I then started a project under the guidance of University Archivist Mary Manning, processing and describing additions to the William C. Moffit Papers. The collection was originally donated by Dr. Moffit himself, but several additions were later donated by his wife and family after he passed away. I was able to process and describe some additional manuscript parts, published musical arrangements, and Patterns of Motion training materials, among other things. Working with a member of the faculty from the School of Music who was intimately familiar with Dr. Moffit’s work helped me better describe and arrange the materials in a way that will make the most sense to researchers using this collection.
I started work on a third project with Hispanic Collections Archivist Lisa Cruces, auditing the physical material of the Alonso S. Perales Papers and comparing the physical archival collection to the finding aid. There were a handful of items in the physical collection that were not reflected in the finding aid, and I have been correcting the finding aid to more faithfully represent the collection.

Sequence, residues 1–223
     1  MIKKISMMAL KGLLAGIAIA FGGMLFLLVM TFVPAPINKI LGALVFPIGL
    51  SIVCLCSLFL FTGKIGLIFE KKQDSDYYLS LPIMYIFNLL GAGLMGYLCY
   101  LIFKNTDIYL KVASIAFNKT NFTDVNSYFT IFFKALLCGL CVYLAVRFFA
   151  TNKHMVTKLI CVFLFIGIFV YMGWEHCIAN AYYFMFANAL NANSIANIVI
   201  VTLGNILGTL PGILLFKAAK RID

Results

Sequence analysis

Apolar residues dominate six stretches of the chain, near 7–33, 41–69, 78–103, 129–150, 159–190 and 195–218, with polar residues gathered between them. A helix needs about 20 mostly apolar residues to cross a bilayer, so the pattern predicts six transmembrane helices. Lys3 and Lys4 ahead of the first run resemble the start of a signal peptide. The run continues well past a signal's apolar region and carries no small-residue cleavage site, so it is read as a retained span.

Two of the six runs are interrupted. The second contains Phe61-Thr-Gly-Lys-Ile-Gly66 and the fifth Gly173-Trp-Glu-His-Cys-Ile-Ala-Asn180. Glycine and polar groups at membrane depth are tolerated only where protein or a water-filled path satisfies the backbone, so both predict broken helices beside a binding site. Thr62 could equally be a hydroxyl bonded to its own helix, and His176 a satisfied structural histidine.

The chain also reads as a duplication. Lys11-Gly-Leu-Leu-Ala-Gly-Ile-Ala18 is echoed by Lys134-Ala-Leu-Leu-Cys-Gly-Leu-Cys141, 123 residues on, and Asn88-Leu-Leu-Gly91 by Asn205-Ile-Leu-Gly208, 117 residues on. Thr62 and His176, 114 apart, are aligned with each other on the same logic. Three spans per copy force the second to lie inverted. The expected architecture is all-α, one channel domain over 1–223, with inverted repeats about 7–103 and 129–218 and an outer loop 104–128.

Most recently, I’ve been given the opportunity to work with Librarian Emerita Pat Bozeman on a project transcribing and contextualizing some handwritten letters. Two of these items were taken from the Early Texas Documents collection. One item is a letter from Sam Houston written after he was wounded in the Battle of Horseshoe Bend. It documents his request to be transferred from New Orleans to a more northern location upon the advice of several physicians. Another item is a letter that highlights Stephen F. Austin’s efforts to gather support from the United States government and people for Texas Independence and was written in Nashville, Tennessee days before Texas declared independence from Mexico. Working intimately with historical documents such as these has been a very exciting and rewarding experience.